Faith of Mary: Vatican II Insights on the Humanity of Mary, The
Richard, R Thomas
The Faith of Mary: Vatican II Insights on the Humanity of Mary. By Antoine E. Nachef, STD. Alba House: The Society of St. Paul, 2187 Victory Boulevard, Staten Island, NY 10314-6603, 2002. Pp. 172. Paperback. $12.95.
This work begins with a fifteen-page introduction that sets the context and suggests the contemporary need for this book. The author lists several movements current today, within the Church or in society, which highlight the need for the truth of Mary and also which explain some of the difficulties that the Church faces in proclaiming her truth. Problematic movements among some persons include an overemphasis of the spiritual at the expense of the fully human and, among others, a distrust of human reason or any development of doctrine. Some persons deny the supernatural, and some seek to reduce reality to the observable or measurable. Found among some is a nihilism that sees no end or ultimate truth for humanity, finding meaning only in process and in search.
In this challenging context, Dr. Nachef seeks to hold up a most remarkable woman, Mary of Nazareth, who most perfectly lived a life of faith in the One God, who is light no matter how deep the darkness. The theme of the book is the faith of Mary who believed that “God’s words to her would be fulfilled” (Lk 1:45) even when appearances seemed to contradict that faith. Dr. Nachef bases his development on Vatican II (Lumen Gentium Ch. 8), extending that foundation to the writings of Paul VI and then to John Paul II.
The book consists of three chapters. The first chapter presents the faith of Mary according to Vatican II; the second, the insights of Pope Paul VI: “Mary the Perfect Realization of Human Existence”; and the third, the perspectives and developments of Pope John Paul II: “Mary: A Dynamic Woman for all Generations.” Dr. Nachef sees clear doctrinal unity and continuity in this sequence-yet also he notes a change of emphasis. Because of his personalistic philosophical approach, Dr. Nachef observes, John Paul II gathers his readers into a personal engagement, a personal following with Mary in her journey of faith and commitment.
2. Some Important Themes.
Clearly the central theme of this book is the faith of Mary. This faith, unique in its purity and its intensity, yet completely consistent with her humanity, is the foundation from which all aspects of her role for the Church are built. An essential study of Mary’s historical life on earth, which is developed and explained by the author, is that her life was a pilgrimage of faith. Through concrete human experiences, Mary entered more and more deeply into the mystery of her divine Son. For this, the author references Lumen Gentium 57-59 and the stages of the life of Mary.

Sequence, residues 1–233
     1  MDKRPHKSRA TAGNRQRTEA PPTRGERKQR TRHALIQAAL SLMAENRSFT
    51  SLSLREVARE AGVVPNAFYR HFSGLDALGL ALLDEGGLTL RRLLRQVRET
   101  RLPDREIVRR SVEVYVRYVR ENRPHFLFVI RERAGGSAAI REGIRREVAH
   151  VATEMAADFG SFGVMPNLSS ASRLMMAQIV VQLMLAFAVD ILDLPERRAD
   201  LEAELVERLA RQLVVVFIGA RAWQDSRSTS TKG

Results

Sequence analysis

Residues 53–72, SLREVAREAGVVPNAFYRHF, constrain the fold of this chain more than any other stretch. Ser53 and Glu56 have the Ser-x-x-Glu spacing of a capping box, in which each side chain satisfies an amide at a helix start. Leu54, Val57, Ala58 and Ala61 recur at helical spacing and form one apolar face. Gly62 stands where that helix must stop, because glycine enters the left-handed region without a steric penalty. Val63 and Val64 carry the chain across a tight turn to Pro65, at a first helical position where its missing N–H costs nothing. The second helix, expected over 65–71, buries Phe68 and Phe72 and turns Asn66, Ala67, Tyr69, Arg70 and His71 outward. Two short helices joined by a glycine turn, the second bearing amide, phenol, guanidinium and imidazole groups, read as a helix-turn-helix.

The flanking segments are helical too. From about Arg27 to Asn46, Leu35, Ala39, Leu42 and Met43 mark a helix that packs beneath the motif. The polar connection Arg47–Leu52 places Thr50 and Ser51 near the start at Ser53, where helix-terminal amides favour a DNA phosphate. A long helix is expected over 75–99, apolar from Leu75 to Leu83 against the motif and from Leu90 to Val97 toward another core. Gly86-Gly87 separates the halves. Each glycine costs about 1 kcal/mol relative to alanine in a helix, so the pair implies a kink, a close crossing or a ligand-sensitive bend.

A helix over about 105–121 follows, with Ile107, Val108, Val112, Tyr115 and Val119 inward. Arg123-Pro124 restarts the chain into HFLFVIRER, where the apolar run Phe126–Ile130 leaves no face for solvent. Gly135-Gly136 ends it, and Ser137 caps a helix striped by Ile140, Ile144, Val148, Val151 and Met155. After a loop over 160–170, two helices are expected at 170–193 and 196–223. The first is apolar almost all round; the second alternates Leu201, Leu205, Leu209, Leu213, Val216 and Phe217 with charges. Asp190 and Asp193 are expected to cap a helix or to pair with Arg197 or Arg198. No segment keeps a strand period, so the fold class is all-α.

Through the stages of her life, Mary lived a pilgrimage of ever-maturing faith. Her communion by faith in the mystery of Christ began, in this study, with the Annunciation when by faith she received Christ into her life and into her body. This honor and mystery was soon confirmed in her visit with Elizabeth, who exclaimed to her, “Blessed is she who believed.”
The second stage of her pilgrimage, the birth of the Lord, continued the context of great joy and promise in the One to come. Here the Council places the dogma of her perpetual virginity within her historical pilgrimage: her virginal integrity was “sanctified” by the birth of Christ. Mary, for her part, responds in faith and continues her journey. In the next stage, at the Presentation, she will learn of the “sword” in her own life; her faith will be put to a great test.
In the fourth stage of her faith, finding the child Jesus in the Temple, Mary experienced a sorrow not yet of the depth or intensity of a trial to come at the close of his ministry, yet she held these things, pondering them in her heart. More of his mystery would be lived in her presence, when his public ministry began, yet it was at the foot of the cross that her pilgrimage of faith reached its climax. The author refers to Lumen Gentium concerning this crucial experience for Mary.